The makers of Prince Caspian -- the second installment in Walden Media's adaptation of C.S. Lewis' Chronicles of Narnia series -- faced a daunting challenge in bringing this one to the screen. Whereas the first and third books in the series (The Lion, the Witch and the Wardrobe and The Voyage of the Dawn Treader, respectively) lend themselves effortlessly to filmization, the same cannot be said of Caspian, which Lewis structured with comparatively greater narrative complexity, a richer philosophical element, and less visual splendor than the preceding or successive installments. (It cannot be a coincidence that after the blockbuster success of Wardrobe, the producers initially skipped book two and announced the production of the visually rich and ripe Treader.)
On a rudimentary level, the ease of this tale, as it unfurls onscreen, functions as a barometer of the filmmakers' success in making Lewis' temporally fractured story digestible for contemporary audiences by streamlining it. From the first scene, never once does the motion picture feel less than wholly transparent. The lucidity of the narrative serves the film beautifully, by setting up greater emotional involvement and immediacy, particularly for younger viewers. A two-and-half-hour feature that could have easily become bogged down in mythically laden background material and endless, tedious battle sequences instead whisks audience members along on a gripping and magnetizing journey, from opening frames to epilogue.
And yet, paradoxically, if the film suffers from an overarching flaw or weakness, that weakness also lies in the picture's simplicity: even as writer/director Andrew Adamson and co-screenwriters Stephen McFeely and Christopher Markus score points for clarity, emotional involvement, and story construction (the sequencing is brilliantly done -- it pulls us into the central conflicts at the core of Narnia even before the Pevensie children make their first appearances), it would be difficult to imagine a more thematically shallow or two-dimensional tale. One keeps hoping for Adamson and co. to plumb deeper, to add philosophical layers and thematic weight, à la Lewis, which isn't, of course, incompatible with the demand for narrative ease. That never happens. The younger set won't mind or even notice, though it will inevitably restrict the demographics by lessening the film's appeal for depth-hungry teens and adults.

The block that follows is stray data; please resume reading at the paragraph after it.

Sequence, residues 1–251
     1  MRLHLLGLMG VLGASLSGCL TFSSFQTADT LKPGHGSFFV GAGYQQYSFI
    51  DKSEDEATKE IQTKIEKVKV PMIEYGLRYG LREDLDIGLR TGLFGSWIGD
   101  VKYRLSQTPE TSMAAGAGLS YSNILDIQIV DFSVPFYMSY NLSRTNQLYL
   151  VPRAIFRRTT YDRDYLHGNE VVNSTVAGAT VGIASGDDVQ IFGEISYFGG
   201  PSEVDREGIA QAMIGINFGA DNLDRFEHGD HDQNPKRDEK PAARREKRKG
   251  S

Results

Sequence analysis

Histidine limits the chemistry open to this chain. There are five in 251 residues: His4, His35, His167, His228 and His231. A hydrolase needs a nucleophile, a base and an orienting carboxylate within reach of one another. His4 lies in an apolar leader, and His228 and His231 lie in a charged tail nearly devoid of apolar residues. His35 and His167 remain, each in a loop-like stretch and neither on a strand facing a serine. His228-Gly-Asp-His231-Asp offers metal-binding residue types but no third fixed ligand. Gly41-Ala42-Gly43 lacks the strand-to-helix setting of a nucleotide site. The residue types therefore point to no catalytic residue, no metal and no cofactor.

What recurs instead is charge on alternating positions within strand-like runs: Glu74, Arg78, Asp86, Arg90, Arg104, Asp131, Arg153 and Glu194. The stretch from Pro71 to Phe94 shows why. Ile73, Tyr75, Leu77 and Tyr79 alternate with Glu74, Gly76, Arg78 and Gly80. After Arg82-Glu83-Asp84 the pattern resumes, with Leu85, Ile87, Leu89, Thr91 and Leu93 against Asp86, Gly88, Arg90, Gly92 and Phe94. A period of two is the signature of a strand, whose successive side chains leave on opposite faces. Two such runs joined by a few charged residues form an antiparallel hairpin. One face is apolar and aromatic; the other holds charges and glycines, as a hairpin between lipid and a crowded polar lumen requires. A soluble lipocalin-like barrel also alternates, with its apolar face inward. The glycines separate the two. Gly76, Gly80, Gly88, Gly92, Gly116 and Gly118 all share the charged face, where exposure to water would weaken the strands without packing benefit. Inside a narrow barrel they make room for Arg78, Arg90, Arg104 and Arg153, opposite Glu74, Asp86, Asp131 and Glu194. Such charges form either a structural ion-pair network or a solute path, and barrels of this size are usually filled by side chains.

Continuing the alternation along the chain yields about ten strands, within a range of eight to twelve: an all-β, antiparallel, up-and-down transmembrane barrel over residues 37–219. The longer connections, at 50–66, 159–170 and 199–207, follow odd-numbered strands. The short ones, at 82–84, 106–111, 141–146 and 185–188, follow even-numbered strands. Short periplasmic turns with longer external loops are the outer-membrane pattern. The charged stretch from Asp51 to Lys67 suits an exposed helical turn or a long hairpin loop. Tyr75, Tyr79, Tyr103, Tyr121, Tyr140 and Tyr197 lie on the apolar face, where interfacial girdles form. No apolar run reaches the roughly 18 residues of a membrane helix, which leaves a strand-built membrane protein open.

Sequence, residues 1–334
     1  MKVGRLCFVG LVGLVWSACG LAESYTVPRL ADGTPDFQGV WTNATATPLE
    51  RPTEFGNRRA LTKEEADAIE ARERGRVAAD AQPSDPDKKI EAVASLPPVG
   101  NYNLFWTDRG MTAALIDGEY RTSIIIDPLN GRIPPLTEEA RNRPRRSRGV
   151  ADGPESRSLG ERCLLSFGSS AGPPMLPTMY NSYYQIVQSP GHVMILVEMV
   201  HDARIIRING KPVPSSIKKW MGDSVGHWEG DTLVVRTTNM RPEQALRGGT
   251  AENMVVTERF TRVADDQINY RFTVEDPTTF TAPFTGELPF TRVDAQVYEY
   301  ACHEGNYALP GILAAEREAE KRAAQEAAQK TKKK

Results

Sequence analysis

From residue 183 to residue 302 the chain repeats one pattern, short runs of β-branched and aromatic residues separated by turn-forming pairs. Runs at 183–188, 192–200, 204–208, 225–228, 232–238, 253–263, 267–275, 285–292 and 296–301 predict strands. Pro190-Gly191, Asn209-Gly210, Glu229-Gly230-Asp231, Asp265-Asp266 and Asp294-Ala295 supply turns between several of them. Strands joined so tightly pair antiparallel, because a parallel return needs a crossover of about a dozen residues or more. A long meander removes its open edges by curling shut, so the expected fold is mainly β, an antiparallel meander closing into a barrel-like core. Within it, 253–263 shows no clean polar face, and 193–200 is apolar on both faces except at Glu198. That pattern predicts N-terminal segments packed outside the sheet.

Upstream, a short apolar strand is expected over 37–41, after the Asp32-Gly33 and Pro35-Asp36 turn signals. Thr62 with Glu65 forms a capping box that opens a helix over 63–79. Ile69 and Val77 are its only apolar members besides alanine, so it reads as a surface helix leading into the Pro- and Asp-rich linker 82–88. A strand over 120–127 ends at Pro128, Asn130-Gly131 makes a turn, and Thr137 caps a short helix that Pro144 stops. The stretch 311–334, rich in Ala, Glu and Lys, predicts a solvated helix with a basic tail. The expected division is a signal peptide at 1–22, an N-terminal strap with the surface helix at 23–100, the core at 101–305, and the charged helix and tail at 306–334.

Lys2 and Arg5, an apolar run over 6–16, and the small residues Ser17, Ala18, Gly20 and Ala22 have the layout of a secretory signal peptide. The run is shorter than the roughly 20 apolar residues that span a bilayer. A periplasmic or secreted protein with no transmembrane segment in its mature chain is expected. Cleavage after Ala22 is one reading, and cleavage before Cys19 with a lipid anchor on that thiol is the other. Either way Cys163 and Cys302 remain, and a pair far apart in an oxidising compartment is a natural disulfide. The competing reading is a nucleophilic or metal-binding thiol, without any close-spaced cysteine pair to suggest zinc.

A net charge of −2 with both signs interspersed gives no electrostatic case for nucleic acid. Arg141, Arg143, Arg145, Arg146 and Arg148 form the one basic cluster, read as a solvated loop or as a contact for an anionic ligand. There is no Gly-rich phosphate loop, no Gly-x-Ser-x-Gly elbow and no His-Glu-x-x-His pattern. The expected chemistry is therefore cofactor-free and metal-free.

For much of its duration, Caspian (like its predecessor) also cries out for some sort of visual awe -- an apocalyptic element to push it ahead of, for example, The Lord of the Rings series or The Golden Compass, and the sort of jaw-droppers that classic screen fantasies such as The Neverending Story and Jason and the Argonauts handed us in spades. Fortunately, Adamson does give us that in the concluding sequence, with an arresting visual surprise that will not be disclosed here but that does leave a memorable impression (and that neatly foreshadows Dawn Treader). Even given that bravura concluding sequence, though, this film, and the Narnia series as a whole, runs the same risk as all early 21st century screen fantasies: that of falling prey to the impersonality of super-advanced CGI work. In pre-CGI films like The Neverending Story, one always sensed the handiwork behind each of the creatures, and the fact that so many were tactile (as opposed to being casually thrown up on the screen with computer graphics) gave them an element of plausibility and credibility that Aslan and Reepicheep the Mouse (for example) fully lack. The best of those creations also sported anthropomorphic personalities sadly missing here despite Liam Neeson's stellar vocal work on Aslan. Walden hasn't quite figured out how to bring those elements into play -- and they may be the very missing elements holding the series back from masterpiece status.
Yet the cast here shines throughout. As the vile King Miraz, Sergio Castellitto represents an inspired choice (he brings under one roof hundreds of nightmarish visions of evil sages and kings from one's darkest fantasies). Similarly, Ben Barnes radiates nobility and warmth as Caspian, and as the four Pevensie children -- Susan, Peter, Edmund, and Lucy -- Anna Popplewell, William Moseley, Skandar Keynes, and Georgie Henley make welcome onscreen surrogates for our adventures. Particularly laudable is the fact that none of these kids look all that glamorous, polished, or surreally beautiful, but suggest average and unremarkable Britons.
Scattered weaknesses aside, Caspian represents something of a pleasant surprise. It may leave some viewers wanting more, but if approached sans expectation, it feels breezily enjoyable and adequately exciting. Younger viewers, in particular (especially those under the age of 13) will find themselves rapturously swept up in the gestalt of the tale.